Bump stocks have essentially been illegal in California since 1990. Any person who possesses, manufactures, imports into California, offers a bump stock for sale or gives or lends one, is committing a crime in the state. But in September of 2018, the language of the existing law around bump stocks was expanded to specifically include “multiburst trigger activators,” “bump stocks” and “burst triggers” as illegal.
As of March 26, 2019, there will also be a federal regulatory ban on bump stocks and similar devices, making it a federal crime to possess one. Owners of the devices will need to turn the devices into a nearby office of the Bureau of Alcohol, Tobacco, Firearms & Explosives (ATF) or otherwise destroy the device. The regulation identifies possible methods of destruction which must make the device incapable of being readily restored to function including melting, shredding, cutting, or crushing the device. The ATF provides instructions and detailed diagrams for destroying a bump stocks and similar devices at the ATF website: https://www.atf.gov/rules-and-regulations/bump-stocks/how-to-destroy.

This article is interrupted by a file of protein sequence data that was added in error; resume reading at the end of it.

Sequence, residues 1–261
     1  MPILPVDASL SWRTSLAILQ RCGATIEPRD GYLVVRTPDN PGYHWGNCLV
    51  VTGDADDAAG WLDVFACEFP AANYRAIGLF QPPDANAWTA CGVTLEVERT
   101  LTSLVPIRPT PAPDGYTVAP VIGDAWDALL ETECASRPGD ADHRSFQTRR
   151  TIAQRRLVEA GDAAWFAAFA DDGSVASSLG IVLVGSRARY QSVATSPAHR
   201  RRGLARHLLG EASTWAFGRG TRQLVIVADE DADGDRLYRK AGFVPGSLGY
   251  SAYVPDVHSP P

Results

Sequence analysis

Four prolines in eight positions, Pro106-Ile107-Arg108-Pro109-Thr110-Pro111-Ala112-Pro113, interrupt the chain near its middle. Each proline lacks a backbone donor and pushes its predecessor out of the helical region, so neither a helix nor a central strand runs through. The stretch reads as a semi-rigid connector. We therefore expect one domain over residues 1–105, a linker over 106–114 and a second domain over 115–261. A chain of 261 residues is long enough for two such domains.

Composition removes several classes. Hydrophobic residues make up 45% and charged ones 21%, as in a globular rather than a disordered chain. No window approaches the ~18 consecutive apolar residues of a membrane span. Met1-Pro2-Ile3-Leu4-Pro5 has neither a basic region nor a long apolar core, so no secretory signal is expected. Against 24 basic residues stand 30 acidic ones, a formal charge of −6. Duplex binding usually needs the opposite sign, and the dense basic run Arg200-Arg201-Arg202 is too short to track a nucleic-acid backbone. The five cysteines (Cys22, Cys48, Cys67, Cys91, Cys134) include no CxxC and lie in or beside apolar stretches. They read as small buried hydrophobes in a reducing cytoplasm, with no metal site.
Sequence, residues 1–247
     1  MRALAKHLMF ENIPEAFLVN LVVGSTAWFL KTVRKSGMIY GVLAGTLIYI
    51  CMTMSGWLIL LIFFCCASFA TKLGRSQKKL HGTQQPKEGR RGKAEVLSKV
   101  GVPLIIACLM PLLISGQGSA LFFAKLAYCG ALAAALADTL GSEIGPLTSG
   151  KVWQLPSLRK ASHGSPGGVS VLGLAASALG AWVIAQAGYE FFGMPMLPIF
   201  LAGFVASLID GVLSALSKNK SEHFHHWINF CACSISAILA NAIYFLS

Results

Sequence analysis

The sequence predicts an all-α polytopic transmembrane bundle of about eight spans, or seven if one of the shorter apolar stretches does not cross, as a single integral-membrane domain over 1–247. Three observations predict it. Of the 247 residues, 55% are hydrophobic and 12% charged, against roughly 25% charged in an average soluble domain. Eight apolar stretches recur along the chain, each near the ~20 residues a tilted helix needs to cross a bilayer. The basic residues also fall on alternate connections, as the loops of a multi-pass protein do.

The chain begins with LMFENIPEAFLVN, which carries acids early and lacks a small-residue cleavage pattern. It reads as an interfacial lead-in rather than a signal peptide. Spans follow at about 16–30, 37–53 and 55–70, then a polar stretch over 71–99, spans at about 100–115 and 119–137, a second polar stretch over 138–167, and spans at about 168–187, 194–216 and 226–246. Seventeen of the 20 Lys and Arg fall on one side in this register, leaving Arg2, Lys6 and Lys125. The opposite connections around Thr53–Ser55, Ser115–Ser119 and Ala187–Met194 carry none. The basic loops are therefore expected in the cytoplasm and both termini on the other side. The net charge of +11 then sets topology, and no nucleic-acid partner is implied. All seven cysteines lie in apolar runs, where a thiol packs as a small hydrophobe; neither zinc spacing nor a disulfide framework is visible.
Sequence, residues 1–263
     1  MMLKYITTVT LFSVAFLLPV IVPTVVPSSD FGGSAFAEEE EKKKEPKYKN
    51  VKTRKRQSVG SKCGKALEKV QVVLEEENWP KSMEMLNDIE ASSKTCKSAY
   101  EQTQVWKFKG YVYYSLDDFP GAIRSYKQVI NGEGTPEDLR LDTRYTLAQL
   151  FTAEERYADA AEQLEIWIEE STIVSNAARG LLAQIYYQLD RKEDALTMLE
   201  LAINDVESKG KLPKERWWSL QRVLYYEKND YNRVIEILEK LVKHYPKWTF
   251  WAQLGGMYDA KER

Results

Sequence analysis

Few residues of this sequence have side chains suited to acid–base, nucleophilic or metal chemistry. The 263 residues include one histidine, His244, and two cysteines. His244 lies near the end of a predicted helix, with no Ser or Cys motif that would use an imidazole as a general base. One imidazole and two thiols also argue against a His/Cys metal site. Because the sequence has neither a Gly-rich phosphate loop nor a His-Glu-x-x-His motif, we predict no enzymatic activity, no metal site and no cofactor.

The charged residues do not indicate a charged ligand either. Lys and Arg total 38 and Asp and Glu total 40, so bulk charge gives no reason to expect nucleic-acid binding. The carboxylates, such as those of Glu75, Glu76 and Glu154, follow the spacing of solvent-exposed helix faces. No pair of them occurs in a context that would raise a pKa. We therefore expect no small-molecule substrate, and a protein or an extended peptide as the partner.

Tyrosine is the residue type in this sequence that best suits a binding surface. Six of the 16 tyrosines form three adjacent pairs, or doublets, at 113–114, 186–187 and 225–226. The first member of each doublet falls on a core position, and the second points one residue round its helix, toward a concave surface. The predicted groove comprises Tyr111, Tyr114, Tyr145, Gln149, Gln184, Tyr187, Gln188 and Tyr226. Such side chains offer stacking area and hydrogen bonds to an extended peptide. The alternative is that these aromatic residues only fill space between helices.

The newest law signed by Governor Brown in September, Senate Bill 1346, amended the older California ban on attachable devices that allow a firearm to shoot two or more shots in a burst to now include “multiburst trigger activators” such as:
1) A device that uses a spring, piston, or similar mechanism to push back against the recoil of a firearm, thereby moving the firearm in a back-and-forth motion and facilitating the rapid reset and activation of the trigger by a stationary finger. These devices are commonly known as bump stocks, bump fire stocks, or bump fire stock attachments.
(2) A device placed within the trigger guard of a firearm that uses a spring to push back against the recoil of the firearm causing the finger in the trigger guard to move back and forth and rapidly activate the trigger. These devices are commonly known as burst triggers.
(3) A mechanical device that activates the trigger of the firearm in rapid succession by turning a crank. These devices are commonly known as trigger cranks, gat cranks, gat triggers, or trigger actuators.
(4) Any aftermarket trigger or trigger system that, if installed, allows more than one round to be fired with a single depression of the trigger.
Penalties for Bump Stock Possession
In California a bump stock violation is a wobbler offense, meaning it can be prosecuted as either a misdemeanor or a felony, depending on the circumstances and criminal history of the offender.
A misdemeanor possession of a bump stock is punishable by up to one year in county jail. If convicted of a felony bump stock charge it can mean a sentence of 18 months to three years in prison.
Five other bills going into effect will impact gun owners:
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